Microsoft upgrading from Ballmer 1.0 to Ballmer 2.0, in about a year
Last Updated on Friday, 23 August 2013 12:26 Written by admin Friday, 23 August 2013 12:26
Steve Ballmer, Microsoft Chief Executive Officer, will only be using his current title for the next 12 months or so. Plans of his retirement were made public today, fueling a small company stock boost. Say what you will, but that’s got to hurt, although I’m sure that Ballmer can take a pounding.
The Microsoft board is tasked with finding Ballmer 2.0, while the previous version is transitioning out of the company. But will the next CEO be an upgrade or a downgrade? Ballmer 1.0 says it’s the right time to move on. It might not be the perfect time, but it’s the right time. THE. RIGHT. TIME. Is it?
I’m afraid that Ballmer is simply a scapegoat of sorts. The WORLD has been crying for a change in Microsoft’s strategy and focus, and Ballmer was an easy target when it came to throwing blame around on why the Redmond company failed to be a leader in search, tablets, mobile, social…
But Ballmer was never a visionary. He is the guy who wanted the DVD writer instead of the thin design. He is the guy who wanted a keyboard on his mobile phone. He is the guy that wanted Windows to continue powering the world. He simply lacked the vision it took to understand that sometime you have to forget everything you know, throw all the models that produced piles and piles of billions of $, to take a step back, just to be able to leap forward, and to push the entire IT industry along the way.
And when you blame Ballmer for lack of vision is like blaming Steve Jobs for not making affordable, and design-compromising, one-size-fits-all products. It’s pure nonsense. It’s really not his fault. This doesn’t mean that he wasn’t a great CEO. Not by a long shot.
Personally, I think that it’s a mistake to have Ballmer step down, and I don’t buy the fact that it was his idea. What should have happened is restricting his control on Microsoft’s strategy birthed by a true visionary, say like… now what’s his name… Ray Ozzie.
It’s funny to me to recall a time when Ozzie was pushing hard to get Microsoft into the Cloud. And really funny, to have Ballmer talk about Microsoft becoming a devices and services company.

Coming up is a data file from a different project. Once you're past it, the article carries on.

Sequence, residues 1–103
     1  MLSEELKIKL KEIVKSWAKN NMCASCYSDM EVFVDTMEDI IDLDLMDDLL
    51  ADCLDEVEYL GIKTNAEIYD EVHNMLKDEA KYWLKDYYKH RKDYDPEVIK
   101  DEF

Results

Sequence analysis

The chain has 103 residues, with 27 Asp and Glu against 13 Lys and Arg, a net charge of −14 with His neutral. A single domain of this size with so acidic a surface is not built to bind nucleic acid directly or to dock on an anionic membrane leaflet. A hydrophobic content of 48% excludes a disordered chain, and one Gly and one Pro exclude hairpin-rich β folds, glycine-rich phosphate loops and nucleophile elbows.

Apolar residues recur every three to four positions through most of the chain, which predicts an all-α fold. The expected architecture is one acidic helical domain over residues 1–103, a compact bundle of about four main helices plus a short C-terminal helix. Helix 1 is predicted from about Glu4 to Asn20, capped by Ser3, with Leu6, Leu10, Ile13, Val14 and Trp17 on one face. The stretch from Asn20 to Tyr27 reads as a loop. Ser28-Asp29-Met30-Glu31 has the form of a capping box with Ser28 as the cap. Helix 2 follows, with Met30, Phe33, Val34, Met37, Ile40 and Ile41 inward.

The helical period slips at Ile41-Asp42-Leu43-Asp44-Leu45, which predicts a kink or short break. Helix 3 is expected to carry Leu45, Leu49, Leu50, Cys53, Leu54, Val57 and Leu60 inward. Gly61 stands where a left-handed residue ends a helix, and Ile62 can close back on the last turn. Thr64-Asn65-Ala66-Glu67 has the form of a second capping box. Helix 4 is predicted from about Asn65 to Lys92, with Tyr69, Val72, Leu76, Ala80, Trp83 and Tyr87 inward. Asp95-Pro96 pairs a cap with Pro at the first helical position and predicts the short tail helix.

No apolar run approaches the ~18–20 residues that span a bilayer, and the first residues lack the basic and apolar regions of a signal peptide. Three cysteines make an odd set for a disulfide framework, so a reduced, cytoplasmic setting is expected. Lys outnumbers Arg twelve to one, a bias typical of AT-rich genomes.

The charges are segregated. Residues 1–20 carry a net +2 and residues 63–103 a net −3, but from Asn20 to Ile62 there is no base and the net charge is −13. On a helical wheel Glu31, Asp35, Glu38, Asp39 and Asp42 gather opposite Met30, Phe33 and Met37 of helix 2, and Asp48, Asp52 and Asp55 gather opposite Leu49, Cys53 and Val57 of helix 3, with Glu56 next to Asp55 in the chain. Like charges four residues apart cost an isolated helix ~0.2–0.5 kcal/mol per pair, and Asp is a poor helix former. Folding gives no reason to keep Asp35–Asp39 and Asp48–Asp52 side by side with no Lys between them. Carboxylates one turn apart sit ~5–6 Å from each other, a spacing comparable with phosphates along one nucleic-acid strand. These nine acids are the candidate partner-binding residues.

If you want to blame Ballmer for something, blame him for being the poster child for the PC guy. The anti-Apple epitome. The Steve without the Jobs.
I am writing to let you know that I will retire as CEO of Microsoft within the next 12 months, after a successor is chosen. There is never a perfect time for this type of transition, but now is the right time. My original thoughts on timing would have had my retirement happen in the middle of our transformation to a devices and services company focused on empowering customers in the activities they value most. We need a CEO who will be here longer term for this new direction. You can read the press release on Microsoft News Center.
This is a time of important transformation for Microsoft. Our new Senior Leadership team is amazing. The strategy we have generated is first class. Our new organization, which is centered on functions and engineering areas, is right for the opportunities and challenges ahead.
Microsoft is an amazing place. I love this company. I love the way we helped invent and popularize computing and the PC. I love the bigness and boldness of our bets. I love our people and their talent and our willingness to accept and embrace their range of capabilities, including their quirks. I love the way we embrace and work with other companies to change the world and succeed together. I love the breadth and diversity of our customers, from consumer to enterprise, across industries, countries, and people of all backgrounds and age groups.
I am proud of what we have achieved. We have grown from $7.5 million to nearly $78 billion since I joined Microsoft, and we have grown from employing just over 30 people to almost 100,000. I feel good about playing a role in that success and having committed 100 percent emotionally all the way. We have more than 1 billion users and earn a great profit for our shareholders. We have delivered more profit and cash return to shareholders than virtually any other company in history.
I am excited by our mission of empowering the world and believe in our future success. I cherish my Microsoft ownership, and look forward to continuing as one of Microsoft’s largest owners.
This is an emotional and difficult thing for me to do. I take this step in the best interests of the company I love; it is the thing outside of my family and closest friends that matters to me most.
Microsoft has all its best days ahead. Know you are part of the best team in the industry and have the right technology assets. We cannot and will not miss a beat in these transitions. I am focused and driving hard and know I can count on all of you to do the same. Let’s do ourselves proud.